The Can Gets Kicked Again
Every investor knows that the U.S. has some serious economic problems. The government has way too much debt, the budget deficit is huge, economic growth is anemic, and it has been 30 years since the employment participation rate was as low it is now. Yet the stock market is on fire with the S&P 500 and Dow Jones Industrial Average closing in on all-time highs.
The rally in stocks is partly being fueled by the Federal Reserve, which is doing everything it can to provide liquidity and keep interest rates low. Perhaps that’s putting it too mildly. The truth is that the economy is drowning in liquidity, yet the Fed continues to buy up bonds as quickly as the Treasury can issue them. The Fed is also buying mortgage-backed securities. These actions, in addition to the the low fed funds rate, are keeping just about all interest rates low, which is exactly what the Fed wants. Low rates make safer investments undesirable. They force investors to consider riskier investments such as stocks. They also make current dividend yields extremely attractive.
The other factor driving stocks higher is Washington. Unfortunately, politicians have learned that they don’t actually have to do anything. In fact, they have learned that they can simply push off important decisions. They did it again today by raising the debt ceiling for another four months. Whenever politicians delay an important decision, investors breathe a sigh of relief and stocks move higher. The fiscal cliff, after all, turned out to be a joke. Nothing meaningful was resolved.
While it is true that some companies, such as IBM and Google, are announcing encouraging results, most companies are not really doing very well. Yes, they are beating expectations; but for the most part year-over-year revenue and earnings growth is not strong.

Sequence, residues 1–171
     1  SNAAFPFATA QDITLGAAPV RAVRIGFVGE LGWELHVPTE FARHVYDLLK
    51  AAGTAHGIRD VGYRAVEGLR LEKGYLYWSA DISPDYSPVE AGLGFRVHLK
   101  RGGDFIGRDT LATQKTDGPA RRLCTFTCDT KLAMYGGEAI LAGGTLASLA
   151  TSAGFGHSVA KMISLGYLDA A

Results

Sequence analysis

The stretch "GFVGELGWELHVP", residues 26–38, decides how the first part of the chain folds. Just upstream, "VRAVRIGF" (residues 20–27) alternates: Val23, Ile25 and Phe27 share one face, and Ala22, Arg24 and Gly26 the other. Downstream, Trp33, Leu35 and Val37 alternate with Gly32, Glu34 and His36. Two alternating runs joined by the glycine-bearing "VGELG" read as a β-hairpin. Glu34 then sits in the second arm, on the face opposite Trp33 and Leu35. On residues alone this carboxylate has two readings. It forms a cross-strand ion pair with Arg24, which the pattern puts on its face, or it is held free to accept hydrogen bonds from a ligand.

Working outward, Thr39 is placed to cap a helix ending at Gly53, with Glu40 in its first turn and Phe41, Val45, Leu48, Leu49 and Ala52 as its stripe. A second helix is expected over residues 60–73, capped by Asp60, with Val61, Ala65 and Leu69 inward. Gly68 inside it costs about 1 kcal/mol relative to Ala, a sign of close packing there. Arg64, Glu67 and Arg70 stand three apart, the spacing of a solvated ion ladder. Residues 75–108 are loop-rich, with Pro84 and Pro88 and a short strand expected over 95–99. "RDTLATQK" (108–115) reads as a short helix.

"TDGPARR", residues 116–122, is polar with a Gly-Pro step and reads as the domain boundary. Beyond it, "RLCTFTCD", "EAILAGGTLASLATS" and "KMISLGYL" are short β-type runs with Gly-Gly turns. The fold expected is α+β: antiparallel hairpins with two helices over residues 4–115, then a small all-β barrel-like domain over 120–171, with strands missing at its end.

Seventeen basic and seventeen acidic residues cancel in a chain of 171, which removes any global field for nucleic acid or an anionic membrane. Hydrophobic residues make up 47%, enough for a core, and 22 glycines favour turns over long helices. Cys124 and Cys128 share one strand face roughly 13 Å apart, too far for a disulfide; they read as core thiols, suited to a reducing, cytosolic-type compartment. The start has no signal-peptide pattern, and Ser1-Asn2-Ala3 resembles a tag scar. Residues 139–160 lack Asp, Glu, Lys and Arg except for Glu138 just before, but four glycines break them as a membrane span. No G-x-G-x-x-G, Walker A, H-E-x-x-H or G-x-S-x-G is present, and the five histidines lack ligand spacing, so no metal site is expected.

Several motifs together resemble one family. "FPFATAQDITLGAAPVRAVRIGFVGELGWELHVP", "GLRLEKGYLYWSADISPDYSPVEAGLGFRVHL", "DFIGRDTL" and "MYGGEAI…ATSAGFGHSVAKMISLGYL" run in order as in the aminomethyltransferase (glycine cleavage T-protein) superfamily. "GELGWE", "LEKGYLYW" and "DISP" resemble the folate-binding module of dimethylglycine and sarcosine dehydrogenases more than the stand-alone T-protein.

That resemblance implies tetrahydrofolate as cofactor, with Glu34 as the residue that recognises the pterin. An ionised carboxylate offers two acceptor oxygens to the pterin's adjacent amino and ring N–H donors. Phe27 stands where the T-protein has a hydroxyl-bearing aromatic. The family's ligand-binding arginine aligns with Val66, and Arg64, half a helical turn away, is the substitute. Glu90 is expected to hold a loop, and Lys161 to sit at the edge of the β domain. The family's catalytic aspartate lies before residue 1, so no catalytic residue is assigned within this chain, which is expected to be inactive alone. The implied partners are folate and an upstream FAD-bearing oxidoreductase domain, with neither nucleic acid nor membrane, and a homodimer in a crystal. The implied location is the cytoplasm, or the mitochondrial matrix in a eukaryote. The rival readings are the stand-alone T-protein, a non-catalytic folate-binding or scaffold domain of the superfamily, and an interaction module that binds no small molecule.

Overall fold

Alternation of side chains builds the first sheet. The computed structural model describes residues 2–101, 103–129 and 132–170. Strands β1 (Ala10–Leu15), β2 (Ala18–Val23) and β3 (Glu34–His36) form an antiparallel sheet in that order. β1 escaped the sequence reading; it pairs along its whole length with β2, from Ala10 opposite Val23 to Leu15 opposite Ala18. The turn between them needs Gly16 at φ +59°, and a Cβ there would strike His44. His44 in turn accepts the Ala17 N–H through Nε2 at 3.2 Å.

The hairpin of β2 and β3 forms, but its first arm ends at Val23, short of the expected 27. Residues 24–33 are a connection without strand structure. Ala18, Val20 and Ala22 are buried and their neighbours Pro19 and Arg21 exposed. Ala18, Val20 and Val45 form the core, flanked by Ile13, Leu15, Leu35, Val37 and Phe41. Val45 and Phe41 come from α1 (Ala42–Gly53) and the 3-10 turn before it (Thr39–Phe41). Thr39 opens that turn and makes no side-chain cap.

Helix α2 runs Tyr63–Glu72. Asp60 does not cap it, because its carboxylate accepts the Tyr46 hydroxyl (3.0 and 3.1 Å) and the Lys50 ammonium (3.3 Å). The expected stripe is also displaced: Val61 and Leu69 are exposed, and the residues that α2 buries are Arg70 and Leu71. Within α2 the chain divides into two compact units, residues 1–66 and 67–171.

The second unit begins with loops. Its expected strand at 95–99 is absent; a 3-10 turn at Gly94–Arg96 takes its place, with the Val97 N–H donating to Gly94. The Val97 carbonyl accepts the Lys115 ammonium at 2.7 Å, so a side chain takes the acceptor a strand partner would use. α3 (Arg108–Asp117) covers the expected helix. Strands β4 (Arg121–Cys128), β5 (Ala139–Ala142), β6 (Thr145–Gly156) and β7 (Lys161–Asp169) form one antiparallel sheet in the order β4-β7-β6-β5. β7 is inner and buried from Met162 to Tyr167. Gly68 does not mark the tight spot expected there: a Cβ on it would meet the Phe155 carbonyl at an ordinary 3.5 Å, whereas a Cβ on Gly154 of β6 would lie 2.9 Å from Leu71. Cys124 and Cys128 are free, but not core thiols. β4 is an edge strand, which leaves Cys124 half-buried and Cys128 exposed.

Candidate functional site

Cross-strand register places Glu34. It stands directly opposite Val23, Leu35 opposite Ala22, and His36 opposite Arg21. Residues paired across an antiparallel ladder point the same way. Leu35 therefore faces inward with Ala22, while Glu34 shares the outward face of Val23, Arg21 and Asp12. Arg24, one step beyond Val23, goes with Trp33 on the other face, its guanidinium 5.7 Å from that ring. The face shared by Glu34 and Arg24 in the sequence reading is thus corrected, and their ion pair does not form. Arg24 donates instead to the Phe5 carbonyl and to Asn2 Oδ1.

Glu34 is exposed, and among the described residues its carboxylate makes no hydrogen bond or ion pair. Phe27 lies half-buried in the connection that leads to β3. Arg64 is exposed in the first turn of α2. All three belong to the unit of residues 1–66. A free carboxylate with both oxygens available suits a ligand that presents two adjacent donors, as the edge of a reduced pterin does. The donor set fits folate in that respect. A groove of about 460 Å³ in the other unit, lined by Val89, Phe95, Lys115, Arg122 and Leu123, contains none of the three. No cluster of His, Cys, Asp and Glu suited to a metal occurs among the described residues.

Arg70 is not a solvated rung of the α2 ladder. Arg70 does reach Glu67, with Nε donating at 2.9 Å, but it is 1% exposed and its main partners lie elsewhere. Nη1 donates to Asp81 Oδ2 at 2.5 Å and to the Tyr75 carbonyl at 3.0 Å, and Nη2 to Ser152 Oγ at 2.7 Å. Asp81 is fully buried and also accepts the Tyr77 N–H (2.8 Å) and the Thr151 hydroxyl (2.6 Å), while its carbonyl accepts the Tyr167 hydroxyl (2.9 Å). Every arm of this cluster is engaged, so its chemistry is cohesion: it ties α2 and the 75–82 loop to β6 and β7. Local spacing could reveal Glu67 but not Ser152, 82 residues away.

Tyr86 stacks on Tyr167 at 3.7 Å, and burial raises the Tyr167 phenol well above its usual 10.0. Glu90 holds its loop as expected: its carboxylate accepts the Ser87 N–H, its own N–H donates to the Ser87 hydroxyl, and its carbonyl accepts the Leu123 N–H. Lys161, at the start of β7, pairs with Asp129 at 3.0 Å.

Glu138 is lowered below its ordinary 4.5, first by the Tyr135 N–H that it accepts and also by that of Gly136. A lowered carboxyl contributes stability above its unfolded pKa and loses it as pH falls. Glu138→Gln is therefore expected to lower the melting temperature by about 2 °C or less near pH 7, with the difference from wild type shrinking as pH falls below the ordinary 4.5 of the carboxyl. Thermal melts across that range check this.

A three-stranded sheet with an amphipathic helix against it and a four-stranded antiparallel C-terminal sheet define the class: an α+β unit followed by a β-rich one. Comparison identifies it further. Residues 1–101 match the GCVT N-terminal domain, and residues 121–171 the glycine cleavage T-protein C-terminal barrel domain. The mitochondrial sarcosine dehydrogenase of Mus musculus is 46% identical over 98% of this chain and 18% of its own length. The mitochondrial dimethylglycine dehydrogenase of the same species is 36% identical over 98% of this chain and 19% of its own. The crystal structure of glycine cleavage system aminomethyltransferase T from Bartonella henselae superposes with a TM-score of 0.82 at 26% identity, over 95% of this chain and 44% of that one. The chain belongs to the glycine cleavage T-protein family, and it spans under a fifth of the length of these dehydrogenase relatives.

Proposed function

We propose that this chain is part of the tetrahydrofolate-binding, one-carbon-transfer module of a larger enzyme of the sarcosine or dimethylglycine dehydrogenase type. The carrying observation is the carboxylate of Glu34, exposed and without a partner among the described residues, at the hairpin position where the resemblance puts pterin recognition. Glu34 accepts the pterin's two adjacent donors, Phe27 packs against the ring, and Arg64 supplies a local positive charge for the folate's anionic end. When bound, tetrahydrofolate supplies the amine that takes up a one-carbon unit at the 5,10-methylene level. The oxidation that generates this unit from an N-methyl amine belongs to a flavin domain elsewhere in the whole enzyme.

I can’t help but worry that such government actions (or inactions to be more exact) are setting us up for another sell-off. While I am not yet ready to take all my money off the table, I do believe it makes sense to use these rallies to pare back on certain positions.
Vahan Janjigian is Chief Investment Officer at Greenwich Wealth Management, LLC, a SEC Registered Investment Adviser, where he manages portfolios for clients in separate accounts. Dr. Janjigian is a former Forbes magazine columnist and former Editor of the Forbes Special Situation Survey. According to Hulbert Interactive, his stock picks returned more than 18% annually during one of the market’s worst 10-year periods.
Dr. Janjigian holds the Chartered Financial Analyst designation and has earned degrees in general sciences and finance from Villanova University and Virginia Polytechnic Institute and State University (Virginia Tech). He previously served on the faculties of several universities, including the University of Delaware, Northeastern University, the American University of Armenia, and Boston College, where he taught courses in corporate finance, financial theory, investments, accounting, and economics; and he currently teaches a seminar on equity investment management to business executives in Singapore through Baruch College’s Zicklin School of Business. Dr. Janjigian has served as an expert witness on matters involving portfolio management, churning, suitability, and hedge fund manager compensation.
Dr. Janjigian has published his research in numerous scholarly and professional journals; and has been quoted in many leading newspapers and magazines, including Barron’s, Forbes, The Wall Street Journal, and USA Today. He appears as a guest commentator on various television and radio networks, including Fox, CNBC, MSNBC, and CBS Radio. Dr. Janjigian is the author of Even Buffett Isn’t Perfect (published by Penguin) and co-author of The Forbes/CFA Institute Investment Course (published by Wiley).